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Rep. Carson’s duck boat safety bill passes House, moves to Biden’s desk

WASHINGTON (WISH) — More than four years after a Missouri duck boat accident killed nearly 20 people — including 9 members of an Indianapolis family — a duck boat safety bill will soon become law.

The Duck Boat Safety Improvement Act, authored by Democrat U.S. Rep. André Carson (IN-07) has passed the U.S. House of Representatives and is on its way to the desk of President Joe Biden.

Carson started working on the legislation after a duck boat filled with tourists sank in windy conditions on Table Rock Lake in Branson, Missouri, in 2018.

Nine members of the Coleman family were killed in the accident. Only Tia Coleman and her nephew, Donovan, survived. In all, 17 of the 31 people aboard the duck boat were killed.

The bill took a large step toward becoming law in March when the House Committee on Transportation and Infrastructure — on which Carson serves as a senior member — voted to include the measure in the 2022 Coast Guard Reauthorization act.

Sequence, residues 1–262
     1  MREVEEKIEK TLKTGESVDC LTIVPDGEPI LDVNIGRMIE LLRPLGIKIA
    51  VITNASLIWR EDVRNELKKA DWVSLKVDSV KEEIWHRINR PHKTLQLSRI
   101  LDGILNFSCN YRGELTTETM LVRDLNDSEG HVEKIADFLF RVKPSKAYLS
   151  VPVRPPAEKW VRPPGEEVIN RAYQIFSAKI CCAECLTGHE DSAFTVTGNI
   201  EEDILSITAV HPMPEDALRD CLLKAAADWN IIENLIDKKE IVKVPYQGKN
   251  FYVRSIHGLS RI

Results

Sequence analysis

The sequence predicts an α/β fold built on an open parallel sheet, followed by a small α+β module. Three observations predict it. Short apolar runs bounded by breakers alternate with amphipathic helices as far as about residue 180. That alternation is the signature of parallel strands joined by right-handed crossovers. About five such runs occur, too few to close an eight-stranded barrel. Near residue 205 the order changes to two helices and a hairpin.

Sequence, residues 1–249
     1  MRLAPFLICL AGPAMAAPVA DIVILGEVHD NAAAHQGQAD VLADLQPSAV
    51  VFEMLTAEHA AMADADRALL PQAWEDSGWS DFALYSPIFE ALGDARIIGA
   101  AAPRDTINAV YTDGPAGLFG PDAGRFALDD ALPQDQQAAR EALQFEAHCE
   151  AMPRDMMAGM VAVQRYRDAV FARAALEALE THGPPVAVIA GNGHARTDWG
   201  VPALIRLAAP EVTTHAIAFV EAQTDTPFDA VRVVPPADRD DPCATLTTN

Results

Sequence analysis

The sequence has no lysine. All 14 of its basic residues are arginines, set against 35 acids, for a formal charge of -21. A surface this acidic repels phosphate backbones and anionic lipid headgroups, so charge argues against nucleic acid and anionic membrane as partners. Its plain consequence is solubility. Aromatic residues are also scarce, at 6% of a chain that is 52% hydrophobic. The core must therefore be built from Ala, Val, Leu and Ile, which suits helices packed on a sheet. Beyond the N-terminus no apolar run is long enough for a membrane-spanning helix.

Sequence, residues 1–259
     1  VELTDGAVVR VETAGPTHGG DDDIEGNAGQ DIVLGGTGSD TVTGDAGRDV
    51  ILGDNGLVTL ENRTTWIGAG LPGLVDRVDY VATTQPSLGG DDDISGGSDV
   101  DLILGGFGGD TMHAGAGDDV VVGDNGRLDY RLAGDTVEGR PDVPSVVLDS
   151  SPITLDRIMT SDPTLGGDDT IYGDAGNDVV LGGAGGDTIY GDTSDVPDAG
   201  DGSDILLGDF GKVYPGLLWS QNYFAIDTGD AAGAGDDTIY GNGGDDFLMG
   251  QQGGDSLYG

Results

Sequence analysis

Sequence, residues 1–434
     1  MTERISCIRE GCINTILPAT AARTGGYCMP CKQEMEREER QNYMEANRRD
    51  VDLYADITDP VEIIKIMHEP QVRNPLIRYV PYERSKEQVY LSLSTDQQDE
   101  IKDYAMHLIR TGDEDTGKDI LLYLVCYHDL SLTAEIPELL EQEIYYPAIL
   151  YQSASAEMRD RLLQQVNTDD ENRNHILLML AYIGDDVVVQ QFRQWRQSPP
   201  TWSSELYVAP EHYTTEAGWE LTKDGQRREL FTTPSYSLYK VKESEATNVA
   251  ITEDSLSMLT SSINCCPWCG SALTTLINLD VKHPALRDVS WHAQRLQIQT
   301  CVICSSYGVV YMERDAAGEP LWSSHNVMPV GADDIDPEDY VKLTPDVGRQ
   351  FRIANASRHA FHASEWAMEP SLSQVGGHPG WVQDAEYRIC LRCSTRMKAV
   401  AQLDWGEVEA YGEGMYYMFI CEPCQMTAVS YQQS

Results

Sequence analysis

“More than four years ago, during what was supposed to be a fun family outing, nine members of the Coleman family from Indianapolis were killed in a duck boat accident. Today, my Duck Boat Safety Improvement Act will be sent to President Biden for signature,” Carson said in a statement Thursday. “Thanks to the advocacy of Tia Coleman, who survived the 2018 incident, countless lives will be saved. I want to thank Tia for her tireless advocacy. This multi-year work is dedicated to the Coleman family and all whose lives have been tragically lost in duck boat accidents.” 

Once signed into law, the act will require vessel operators to implement specific boating safety measures when waterborne, including:

  • Improving reserve buoyancy and watertight compartmentalization to prevent sinking,  
  • Requiring more monitoring and adherence to severe weather alerts and warnings,  
  • Requiring release of road safety seatbelts when Duck Boats become waterborne,  
  • Requiring stronger crew safety training and certification,  
  • Removing or reconfigure canopies and window coverings for waterborne operations,  
  • Requiring personal flotation devices for waterborne operations,  
  • Requiring installation of better bilge pumps and alarms,  
  • Installing underwater LED lights that activate automatically in emergencies, and  
  • Complying with other Coast Guard boating safety requirements.

In April 2022, Missouri Attorney General Eric Schmitt refiled charges against three men involved in the sinking, including the boat’s captain and two general managers.